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Archived: OHA 2012 Online Election Deadline: September 21

This year all current OHA members as of July 15 will have the opportunity to vote in our new online election process.  Simply use the URL :

Deadline: September 21, 2012

You will need your membership number which was printed on an election card that was recently mailed.  If you did not receive a card, please contact  We hope this new electronic balloting process will be both easy and fun.  Thanks for voting.

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A Call for Submissions on Pedagogy

The Oral History Review’s Section on Pedagogy

Across the country and throughout the world, grade to graduate school teachers, professors, and program coordinators are integrating oral history into their pedagogical practice.  In order to capture the transformative power of oral history as an educational methodology, the Oral History Review, the journal of the Oral History Association, dedicated its Winter/Spring 2011 issue to “Pedagogy.”

In order to continue to be the leading disseminator of projects, programs, and instructional practices that emerge from the use of oral history as an educational methodology, the Oral History Review will launch a yearly pedagogy section as a permanent feature of the Review in 2012.

Glenn Whitman, author of Dialogue with the Past: Engaging Students and Meeting Standards through Oral History, will serve as editor of this section.  The Review is seeking article submissions from the both the national and international perspective that reflect the experience of educators and the work of students on all levels, from grade school through graduate education.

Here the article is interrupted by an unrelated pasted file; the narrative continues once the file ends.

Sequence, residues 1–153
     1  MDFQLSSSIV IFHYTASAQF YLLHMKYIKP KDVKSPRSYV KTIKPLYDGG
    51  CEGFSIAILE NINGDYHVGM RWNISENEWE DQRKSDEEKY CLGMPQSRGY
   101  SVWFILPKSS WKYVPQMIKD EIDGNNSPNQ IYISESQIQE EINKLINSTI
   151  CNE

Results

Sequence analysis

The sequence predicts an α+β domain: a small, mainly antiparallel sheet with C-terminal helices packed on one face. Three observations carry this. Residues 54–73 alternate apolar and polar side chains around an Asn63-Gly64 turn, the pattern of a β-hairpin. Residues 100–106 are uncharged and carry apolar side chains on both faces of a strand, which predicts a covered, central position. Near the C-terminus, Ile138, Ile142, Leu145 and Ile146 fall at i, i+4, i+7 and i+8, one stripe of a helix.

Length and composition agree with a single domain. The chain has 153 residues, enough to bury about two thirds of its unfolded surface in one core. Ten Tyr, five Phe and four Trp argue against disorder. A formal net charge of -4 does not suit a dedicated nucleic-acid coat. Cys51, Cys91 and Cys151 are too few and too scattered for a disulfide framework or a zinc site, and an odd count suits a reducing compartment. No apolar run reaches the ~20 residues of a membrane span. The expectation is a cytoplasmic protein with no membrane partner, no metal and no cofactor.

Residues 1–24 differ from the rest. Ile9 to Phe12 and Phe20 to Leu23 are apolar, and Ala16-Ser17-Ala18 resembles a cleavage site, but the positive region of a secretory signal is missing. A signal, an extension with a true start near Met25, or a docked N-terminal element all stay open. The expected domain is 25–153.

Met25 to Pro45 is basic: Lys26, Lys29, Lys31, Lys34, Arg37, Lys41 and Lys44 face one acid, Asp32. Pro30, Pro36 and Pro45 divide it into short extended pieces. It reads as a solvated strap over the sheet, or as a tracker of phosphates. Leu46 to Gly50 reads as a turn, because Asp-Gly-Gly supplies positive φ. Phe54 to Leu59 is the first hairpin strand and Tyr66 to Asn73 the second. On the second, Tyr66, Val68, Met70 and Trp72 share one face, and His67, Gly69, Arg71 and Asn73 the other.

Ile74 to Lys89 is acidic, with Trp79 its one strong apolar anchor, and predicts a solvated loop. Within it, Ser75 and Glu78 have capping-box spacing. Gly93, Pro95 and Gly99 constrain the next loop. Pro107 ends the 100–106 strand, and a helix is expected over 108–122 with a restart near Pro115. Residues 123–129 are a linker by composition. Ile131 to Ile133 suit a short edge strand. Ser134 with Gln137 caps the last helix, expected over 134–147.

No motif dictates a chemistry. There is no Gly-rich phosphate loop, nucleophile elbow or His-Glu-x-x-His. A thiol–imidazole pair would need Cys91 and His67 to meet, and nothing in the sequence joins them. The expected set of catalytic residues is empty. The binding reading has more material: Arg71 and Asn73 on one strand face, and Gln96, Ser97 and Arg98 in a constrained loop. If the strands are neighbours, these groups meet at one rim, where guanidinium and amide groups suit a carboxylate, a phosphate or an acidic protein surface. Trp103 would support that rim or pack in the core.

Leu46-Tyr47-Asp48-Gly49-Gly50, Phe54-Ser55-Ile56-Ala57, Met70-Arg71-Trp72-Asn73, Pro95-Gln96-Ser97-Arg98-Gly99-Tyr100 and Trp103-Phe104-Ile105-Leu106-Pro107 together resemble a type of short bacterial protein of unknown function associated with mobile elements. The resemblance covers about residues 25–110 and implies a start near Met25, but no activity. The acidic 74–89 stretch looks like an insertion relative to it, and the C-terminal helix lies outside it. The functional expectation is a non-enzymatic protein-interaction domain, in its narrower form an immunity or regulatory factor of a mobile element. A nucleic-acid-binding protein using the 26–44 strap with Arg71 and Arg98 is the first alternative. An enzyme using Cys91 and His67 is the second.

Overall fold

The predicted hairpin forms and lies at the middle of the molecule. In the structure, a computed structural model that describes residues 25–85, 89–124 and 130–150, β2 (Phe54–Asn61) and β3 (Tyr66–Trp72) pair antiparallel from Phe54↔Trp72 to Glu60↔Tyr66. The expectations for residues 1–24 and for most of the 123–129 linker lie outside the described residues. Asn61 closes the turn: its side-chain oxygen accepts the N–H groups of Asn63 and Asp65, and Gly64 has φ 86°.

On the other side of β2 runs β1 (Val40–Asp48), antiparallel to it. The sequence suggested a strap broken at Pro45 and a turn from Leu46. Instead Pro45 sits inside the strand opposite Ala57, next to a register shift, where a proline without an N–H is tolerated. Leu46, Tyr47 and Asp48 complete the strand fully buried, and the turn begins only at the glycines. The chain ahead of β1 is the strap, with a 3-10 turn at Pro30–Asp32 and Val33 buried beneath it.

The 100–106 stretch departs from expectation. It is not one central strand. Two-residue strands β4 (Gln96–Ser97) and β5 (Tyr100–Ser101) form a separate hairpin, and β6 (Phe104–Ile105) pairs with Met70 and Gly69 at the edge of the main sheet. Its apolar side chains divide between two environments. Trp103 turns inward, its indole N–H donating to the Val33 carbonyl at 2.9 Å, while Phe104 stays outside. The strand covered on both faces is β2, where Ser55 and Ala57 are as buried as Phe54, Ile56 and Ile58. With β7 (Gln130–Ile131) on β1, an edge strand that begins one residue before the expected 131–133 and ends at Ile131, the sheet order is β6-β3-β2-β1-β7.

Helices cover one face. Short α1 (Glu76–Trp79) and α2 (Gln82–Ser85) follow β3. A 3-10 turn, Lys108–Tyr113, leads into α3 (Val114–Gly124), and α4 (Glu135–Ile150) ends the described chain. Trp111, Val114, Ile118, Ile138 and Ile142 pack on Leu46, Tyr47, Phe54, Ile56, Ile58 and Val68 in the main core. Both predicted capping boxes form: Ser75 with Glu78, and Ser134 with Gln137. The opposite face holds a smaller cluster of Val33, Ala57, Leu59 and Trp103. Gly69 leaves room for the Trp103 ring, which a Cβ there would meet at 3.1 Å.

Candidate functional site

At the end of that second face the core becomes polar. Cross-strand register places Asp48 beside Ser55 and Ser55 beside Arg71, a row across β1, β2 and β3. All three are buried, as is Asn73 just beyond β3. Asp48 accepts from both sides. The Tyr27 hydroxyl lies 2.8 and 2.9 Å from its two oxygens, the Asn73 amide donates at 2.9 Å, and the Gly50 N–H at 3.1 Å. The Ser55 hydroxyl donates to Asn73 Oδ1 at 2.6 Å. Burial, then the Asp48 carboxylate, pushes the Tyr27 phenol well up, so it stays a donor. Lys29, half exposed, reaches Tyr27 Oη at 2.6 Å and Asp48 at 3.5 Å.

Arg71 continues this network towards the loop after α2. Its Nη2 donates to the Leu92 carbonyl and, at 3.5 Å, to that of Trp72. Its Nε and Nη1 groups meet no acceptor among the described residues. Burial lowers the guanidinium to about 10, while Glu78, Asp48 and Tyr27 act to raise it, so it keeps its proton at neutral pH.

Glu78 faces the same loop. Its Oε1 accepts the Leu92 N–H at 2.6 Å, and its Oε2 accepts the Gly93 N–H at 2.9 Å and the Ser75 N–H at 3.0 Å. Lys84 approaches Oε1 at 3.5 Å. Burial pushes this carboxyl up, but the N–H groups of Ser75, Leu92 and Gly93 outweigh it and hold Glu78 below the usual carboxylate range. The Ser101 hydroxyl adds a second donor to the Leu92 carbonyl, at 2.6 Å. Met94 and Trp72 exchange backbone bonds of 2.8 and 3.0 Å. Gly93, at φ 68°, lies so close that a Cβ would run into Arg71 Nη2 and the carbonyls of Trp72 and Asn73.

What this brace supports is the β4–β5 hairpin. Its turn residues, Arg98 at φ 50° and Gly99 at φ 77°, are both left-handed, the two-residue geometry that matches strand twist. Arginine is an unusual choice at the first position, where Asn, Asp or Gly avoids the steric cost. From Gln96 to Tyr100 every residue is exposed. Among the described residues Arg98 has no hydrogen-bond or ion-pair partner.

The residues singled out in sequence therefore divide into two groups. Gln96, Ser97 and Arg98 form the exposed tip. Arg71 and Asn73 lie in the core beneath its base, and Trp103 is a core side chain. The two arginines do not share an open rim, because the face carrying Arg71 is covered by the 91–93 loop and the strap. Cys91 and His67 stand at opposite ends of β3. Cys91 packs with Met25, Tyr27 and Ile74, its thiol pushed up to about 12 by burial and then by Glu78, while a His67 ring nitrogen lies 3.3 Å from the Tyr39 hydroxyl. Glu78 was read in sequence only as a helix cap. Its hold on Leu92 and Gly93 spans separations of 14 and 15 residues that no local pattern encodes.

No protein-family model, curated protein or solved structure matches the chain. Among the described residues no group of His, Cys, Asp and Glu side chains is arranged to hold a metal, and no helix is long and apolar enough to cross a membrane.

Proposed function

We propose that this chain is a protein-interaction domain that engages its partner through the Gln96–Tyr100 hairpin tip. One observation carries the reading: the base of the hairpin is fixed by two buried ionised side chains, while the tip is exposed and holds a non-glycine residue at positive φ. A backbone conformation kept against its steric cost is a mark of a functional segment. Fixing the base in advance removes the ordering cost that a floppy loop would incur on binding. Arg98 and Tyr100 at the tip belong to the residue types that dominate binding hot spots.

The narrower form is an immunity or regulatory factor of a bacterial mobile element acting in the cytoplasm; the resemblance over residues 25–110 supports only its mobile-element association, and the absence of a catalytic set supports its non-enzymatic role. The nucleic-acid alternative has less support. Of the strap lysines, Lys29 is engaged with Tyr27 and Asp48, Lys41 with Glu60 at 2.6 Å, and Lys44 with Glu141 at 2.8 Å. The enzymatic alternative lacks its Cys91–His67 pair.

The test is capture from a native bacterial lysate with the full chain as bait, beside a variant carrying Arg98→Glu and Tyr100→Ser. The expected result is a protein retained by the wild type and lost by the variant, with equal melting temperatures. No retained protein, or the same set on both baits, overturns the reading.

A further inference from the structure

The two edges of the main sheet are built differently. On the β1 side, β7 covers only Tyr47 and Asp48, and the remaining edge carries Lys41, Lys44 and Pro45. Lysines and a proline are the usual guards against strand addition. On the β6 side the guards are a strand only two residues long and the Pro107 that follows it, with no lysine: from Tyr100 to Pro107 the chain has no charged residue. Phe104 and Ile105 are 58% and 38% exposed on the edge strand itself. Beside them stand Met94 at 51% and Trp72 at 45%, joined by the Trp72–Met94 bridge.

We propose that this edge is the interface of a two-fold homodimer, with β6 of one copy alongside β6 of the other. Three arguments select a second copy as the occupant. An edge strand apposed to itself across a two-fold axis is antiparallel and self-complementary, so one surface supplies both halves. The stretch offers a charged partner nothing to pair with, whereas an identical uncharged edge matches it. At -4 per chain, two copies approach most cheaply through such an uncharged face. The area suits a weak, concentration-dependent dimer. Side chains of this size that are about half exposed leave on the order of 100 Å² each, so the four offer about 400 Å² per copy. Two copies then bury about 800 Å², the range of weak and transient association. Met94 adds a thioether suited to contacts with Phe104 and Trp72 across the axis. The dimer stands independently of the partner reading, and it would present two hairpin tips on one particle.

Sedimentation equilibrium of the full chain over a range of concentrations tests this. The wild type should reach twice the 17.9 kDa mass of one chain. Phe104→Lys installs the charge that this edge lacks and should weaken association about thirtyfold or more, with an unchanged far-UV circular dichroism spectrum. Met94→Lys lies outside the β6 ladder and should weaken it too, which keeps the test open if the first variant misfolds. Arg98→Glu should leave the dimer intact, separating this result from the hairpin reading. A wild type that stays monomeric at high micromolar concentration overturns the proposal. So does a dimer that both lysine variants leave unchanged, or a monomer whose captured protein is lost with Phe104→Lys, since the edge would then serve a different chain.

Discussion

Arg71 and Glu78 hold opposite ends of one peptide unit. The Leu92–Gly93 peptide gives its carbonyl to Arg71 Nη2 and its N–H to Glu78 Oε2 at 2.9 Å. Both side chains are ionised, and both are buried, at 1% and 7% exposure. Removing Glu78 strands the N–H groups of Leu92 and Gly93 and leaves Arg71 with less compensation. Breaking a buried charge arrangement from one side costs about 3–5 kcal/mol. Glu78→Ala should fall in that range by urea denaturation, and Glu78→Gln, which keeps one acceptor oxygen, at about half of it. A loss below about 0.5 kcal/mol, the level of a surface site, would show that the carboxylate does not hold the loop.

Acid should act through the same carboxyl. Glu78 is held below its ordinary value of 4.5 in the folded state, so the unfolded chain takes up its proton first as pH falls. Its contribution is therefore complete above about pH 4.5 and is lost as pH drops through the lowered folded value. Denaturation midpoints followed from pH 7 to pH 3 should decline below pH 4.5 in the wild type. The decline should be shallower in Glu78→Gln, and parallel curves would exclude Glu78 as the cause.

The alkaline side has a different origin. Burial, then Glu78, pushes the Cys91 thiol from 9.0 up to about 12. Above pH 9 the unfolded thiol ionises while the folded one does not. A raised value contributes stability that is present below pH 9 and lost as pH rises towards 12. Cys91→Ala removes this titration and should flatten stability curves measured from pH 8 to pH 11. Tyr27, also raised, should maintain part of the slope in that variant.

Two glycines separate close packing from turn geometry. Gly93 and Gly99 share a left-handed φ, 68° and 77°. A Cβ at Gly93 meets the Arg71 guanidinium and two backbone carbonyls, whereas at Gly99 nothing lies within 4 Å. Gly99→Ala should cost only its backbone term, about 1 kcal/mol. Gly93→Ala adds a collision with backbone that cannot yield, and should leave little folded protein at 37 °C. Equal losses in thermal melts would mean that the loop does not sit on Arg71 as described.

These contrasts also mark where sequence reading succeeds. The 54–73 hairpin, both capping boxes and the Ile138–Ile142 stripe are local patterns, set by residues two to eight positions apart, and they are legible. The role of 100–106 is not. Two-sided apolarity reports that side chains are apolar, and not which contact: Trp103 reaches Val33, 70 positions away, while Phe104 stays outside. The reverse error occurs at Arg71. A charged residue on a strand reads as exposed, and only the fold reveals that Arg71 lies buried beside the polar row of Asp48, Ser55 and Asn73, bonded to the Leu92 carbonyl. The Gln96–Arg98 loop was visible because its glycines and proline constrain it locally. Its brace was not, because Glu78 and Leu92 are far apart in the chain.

If you are interested in writing on pedagogy, or have a suggestion or interest in a specific type of article, potential author or innovative project that should be highlighted, please submit your ideas to

This is an excellent opportunity to celebrate transformative teaching and learning and the important contributions students can make to the historical record, as well as other uses and applications of oral history, when empowered with the opportunity to be and think like oral historians.

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Proposed changes to the Common Rule

Earlier in 2011, the federal government has requested comment on proposed changes to the Common Rule, which regulates research on what are termed “human subjects.”  Comments were due by October 26, but it will be important for oral historians to keep abreast of the situation as it unfolds (although there have been no developments posted since the deadline).  The proposed changes seem to be a very mixed bag for oral history and history—offering both an opportunity to address past concerns about the effect federal regulations, and hence IRB review, have on oral history and potentially new problems for history under the rubric of “information risk.”  For more info…